What does being Christian entail? What distinguishes the Christian community from other communities? What do the diverse Christian traditions hold in common? If you are responsible for catechesis, no doubt you have discovered there are many ways to approach these questions. You might, to cite an obvious and venerable example, use the Apostle’s Creed, the Decalogue, and the Lord’s Prayer to display Christian doctrine and discipline. Many catechisms and introductions to Christianity share a roughly similar approach, namely, to begin with and emphasize what Christians believe.
Another approach — less common perhaps because it’s difficult to do well — is to start with what Christians do.* Rowan Williams does this masterfully in his Being Christian: Baptism, Bible, Eucharist, Prayer. Based on Advent talks given in Canterbury Cathedral, Being Christian is an elegant series of meditations on essential Christian practices: dipping in water, reading the Bible, sharing bread and wine in memory of Jesus, and praying to “Our Father.” Williams looks at “what those activities tell us about the essence of Christian life, and what kind of people we might hope to become in a community where these things are done.” The result is a deceptively simple, creative, and frequently profound presentation of what it means to be Christian.
Being Christian means, first, being baptized. As Williams puts it, “baptism takes us where Jesus is.” To be baptized is to be “dropped” both into the depths of the mystery of Christ’s Passion — and therefore into solidarity with all human suffering — and also into the depths of God’s love, “in the depths where the Spirit is re-creating and refreshing human life as God meant it to be.” Being Christian is about being with Jesus in the deep joy of the Trinity and in the suffering of a devastated world.
To be Christian is to listen to God by reading (or hearing read) the Bible with others, because “the Bible is the territory in which Christians expect to hear God speaking.” The Bible, Williams suggests, is like a parable God is telling; to read it well you must let it work on you, ask where you are in its story, and let the Holy Spirit make the story of God’s coming to Israel and the Church your story. Above all, “reading the Bible is about listening to God in Jesus.” Being Christian is about making Christ the center of your reading of Scripture, discerning in the story of his life both God’s “terrifying compassion” and the paradigm of faithful human response to God.
Christians know themselves as guests, those who accept the invitation of the risen Jesus to eat and drink with him and who are set free to share in his hospitality. In the Eucharist, Christians see Jesus’ suffering and death as “the final, the definitive, sign of God’s welcome and God’s mercy…an open door into the welcome of the Father.” In the Eucharist, Christians pray, “Here we are, in the company of Jesus: Father, send us the Holy Spirit that as these people share these things, the life of Jesus may fill them all.” Being Christian is about accepting God’s hospitality, to be welcomed where “Christ, the Son, gives his life to the Father in the Spirit” and receive a foretaste of the new creation.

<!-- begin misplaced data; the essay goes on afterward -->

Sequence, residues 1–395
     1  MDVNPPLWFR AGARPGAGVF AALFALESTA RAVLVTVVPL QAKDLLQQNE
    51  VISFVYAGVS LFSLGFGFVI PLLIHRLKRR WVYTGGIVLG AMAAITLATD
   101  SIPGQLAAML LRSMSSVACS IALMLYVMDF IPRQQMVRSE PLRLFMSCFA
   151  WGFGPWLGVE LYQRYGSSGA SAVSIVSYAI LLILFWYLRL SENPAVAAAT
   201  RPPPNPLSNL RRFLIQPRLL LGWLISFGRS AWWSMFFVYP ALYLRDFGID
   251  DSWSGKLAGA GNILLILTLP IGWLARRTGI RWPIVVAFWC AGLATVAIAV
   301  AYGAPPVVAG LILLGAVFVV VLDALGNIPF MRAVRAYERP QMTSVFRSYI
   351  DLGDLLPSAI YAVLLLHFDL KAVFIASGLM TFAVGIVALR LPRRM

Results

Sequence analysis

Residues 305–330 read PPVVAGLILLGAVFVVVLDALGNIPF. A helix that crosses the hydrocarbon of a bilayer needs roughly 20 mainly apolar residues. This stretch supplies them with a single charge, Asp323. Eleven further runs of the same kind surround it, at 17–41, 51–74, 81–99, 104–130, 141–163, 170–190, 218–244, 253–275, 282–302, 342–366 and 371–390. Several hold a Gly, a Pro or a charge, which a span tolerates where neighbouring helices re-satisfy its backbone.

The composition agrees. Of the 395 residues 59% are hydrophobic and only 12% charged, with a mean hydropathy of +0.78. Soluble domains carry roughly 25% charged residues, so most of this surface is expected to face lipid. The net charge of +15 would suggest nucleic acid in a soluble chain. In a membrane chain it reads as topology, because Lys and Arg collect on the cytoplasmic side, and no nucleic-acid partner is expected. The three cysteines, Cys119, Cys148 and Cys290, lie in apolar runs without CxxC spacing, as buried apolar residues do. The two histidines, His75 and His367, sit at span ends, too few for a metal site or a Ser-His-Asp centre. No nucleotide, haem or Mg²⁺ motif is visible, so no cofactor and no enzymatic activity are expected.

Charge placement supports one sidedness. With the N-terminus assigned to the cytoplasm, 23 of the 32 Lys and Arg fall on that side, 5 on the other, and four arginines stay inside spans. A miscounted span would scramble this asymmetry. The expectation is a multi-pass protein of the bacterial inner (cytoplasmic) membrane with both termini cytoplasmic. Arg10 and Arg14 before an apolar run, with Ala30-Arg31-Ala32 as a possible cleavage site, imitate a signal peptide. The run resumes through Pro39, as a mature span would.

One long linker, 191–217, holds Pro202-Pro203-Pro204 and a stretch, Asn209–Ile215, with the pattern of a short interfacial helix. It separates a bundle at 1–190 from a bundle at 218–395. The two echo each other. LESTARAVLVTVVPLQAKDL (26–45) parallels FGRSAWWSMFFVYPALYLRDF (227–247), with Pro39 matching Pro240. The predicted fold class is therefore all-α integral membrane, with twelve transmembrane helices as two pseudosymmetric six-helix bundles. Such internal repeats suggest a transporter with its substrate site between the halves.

To be Christian is, finally, “to let Jesus’ prayer happen in you.” Williams understands prayer in terms of growing to be more like Jesus, growing into “the measure of the full stature of Christ” (Eph. 4:13). He draws on the reflections of Origen, Gregory of Nyssa, and John Cassian on the Lord’s Prayer to bring out three essential aspects of Christian prayer. First, “prayer is God’s work in us.” So there is a sense in which prayer is “like sneezing — there comes a point when you can’t not do it. The Spirit wells and surges up towards God the Father.” Second, prayer has to do with the healing of relations and is intimately bound up with justice and reconciliation. You receive your daily bread, says Gregory of Nyssa, “if no one goes hungry or distressed because you are satisfied.” Third, prayer is about our faithfulness to remain with God, our persistence in crying, “O God, make speed to save me.” Being Christian is about letting Jesus’ prayer transform you into his likeness.
There’s more to Being Christian than I have been able to show. But I hope to have suggested something of the richness and beauty of Rowan Williams’s display of the deep grammar of the Christian life.
Being Christian makes a good companion to Williams’s exposition of the Apostle’s Creed, Tokens of Trust: An Introduction to Christian Belief, which draws out similar themes from the opposite direction, as it were. The meaty discussion questions following each chapter of Being Christian make it a good option for small group study.
This little book deserves a large readership. First, because it is beautifully written. Second, because it shows “the grandeur of God” flaming out in the most basic of Christian activities. In other words, “it makes the familiar strange,” and this is, as Stanley Hauerwas teaches, the proper work of theological writing. Thirdly, because writing it took a lifetime; it has taken Williams a lifetime of training to see clearly enough to write this profoundly simple book about being Christian. Finally, because reading it has stirred up my love for the Lord.
* Jonathan Wilson-Hartgrove’s The Awakening of Hope: Why We Practice a Common Faith is a notable recent example.